“A conclusion on the most powerful measures is not coming today, so probably tomorrow,” Bent Høie told public news service NRK.
Høie warned, though, that citizens should not expect schools and kindergartens to necessarily reopen again on Thursday, explaining that some measures might be kept in place for longer: “People must be prepared for stringent measures, even after March 26.”
He also said the severity of how the virus hits hospitals in coming weeks still depended on whether citizens could keep up their efforts.
“We have an unbelievably good motivation to stick to it,” he said, calling on people to continue limiting social activity, washing their hands and coughing into their elbows.
Shortly after Høie's statement, Espen Rostrup Nakstad, Deputy Director General of Norway's Directorate of Health, told NRK that there were early signs that the number of coronavirus cases in the country was starting to stabilise.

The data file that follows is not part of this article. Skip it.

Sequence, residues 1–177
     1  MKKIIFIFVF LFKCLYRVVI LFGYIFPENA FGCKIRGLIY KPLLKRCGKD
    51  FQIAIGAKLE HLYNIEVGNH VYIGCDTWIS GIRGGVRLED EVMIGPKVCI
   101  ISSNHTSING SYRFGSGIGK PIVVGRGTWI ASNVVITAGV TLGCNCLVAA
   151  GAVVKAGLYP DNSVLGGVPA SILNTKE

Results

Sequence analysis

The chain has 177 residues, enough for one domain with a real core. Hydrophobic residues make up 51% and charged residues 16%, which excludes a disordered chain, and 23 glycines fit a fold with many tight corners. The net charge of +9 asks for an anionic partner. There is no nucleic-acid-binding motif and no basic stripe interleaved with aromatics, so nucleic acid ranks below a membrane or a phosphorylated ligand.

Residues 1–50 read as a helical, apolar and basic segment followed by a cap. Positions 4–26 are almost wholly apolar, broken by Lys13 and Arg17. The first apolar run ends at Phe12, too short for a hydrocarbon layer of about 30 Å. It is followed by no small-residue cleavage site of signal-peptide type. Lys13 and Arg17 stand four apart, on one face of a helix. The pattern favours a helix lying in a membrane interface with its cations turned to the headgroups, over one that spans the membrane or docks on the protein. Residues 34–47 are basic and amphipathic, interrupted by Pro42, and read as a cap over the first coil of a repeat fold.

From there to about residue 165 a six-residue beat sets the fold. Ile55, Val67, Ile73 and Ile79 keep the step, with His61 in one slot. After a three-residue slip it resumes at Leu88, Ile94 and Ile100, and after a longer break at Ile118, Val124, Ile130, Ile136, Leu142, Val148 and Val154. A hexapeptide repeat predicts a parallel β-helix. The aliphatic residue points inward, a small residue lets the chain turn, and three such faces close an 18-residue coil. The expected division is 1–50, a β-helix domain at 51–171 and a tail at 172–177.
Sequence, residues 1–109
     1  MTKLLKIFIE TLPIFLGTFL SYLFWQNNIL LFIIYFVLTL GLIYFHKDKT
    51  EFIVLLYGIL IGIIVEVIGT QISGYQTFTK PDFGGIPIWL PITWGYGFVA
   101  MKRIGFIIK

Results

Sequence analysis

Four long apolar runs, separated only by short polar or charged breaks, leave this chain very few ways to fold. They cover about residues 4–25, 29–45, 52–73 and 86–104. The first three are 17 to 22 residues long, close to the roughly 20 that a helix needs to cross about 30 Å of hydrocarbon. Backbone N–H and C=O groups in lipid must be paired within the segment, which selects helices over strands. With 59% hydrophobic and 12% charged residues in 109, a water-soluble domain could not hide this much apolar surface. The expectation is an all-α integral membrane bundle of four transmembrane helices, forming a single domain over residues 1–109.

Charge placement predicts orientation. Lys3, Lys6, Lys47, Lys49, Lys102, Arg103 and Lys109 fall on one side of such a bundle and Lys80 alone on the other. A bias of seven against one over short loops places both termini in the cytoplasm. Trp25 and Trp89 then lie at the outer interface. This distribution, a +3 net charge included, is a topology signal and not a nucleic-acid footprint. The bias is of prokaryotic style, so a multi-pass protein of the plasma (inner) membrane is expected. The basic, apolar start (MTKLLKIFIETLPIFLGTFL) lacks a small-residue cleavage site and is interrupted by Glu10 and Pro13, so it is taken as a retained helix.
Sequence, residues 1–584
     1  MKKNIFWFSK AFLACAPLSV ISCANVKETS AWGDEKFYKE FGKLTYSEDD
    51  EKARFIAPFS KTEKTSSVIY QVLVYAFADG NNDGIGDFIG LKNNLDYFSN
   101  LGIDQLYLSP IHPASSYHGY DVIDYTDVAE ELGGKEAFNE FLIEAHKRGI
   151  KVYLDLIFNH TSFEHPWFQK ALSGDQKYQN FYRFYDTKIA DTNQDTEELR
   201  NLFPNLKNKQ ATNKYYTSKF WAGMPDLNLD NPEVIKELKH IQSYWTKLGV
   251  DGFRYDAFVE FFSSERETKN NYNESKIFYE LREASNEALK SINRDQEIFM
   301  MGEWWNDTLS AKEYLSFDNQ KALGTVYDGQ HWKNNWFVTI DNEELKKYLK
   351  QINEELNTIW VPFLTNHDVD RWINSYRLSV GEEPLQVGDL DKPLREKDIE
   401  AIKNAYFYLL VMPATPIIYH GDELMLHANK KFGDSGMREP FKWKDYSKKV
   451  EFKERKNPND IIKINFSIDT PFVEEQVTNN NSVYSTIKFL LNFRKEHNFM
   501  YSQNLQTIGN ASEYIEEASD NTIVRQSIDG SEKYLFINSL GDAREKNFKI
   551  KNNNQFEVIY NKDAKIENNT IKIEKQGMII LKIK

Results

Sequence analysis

“We know that infection rates are relatively stable. This is also well reflected in admissions figures,” he said. “We also see that only four percent of those tested have had a coronavirus infection.”
In recent days, he said, the number of new confirmed cases had risen by between 180 and 200 a day.
Høie's statement came after the city of Oslo on the weekend tightened its regime, forcibly closing bars and restaurants across the city after realising that people were not heeding advice to keep their distance from one another.
“There were 50 places still open, and we realised with concern the danger of infection in some of these places,” Oslo Mayor Raymond Johansen told NRK on Monday. “Because we had given advice and people weren't acting on it, we were forced to take the decision.
Shortly after the press conference, the Norwegian Institute of Public Health reported that there had been 240 new cases in the 24 hours up until midnight on Sunday, bringing the total in the country to 2,371.
At 12.15 on Monday, there were 380 patients in hospital with the virus, of whom 38 are in intensive care.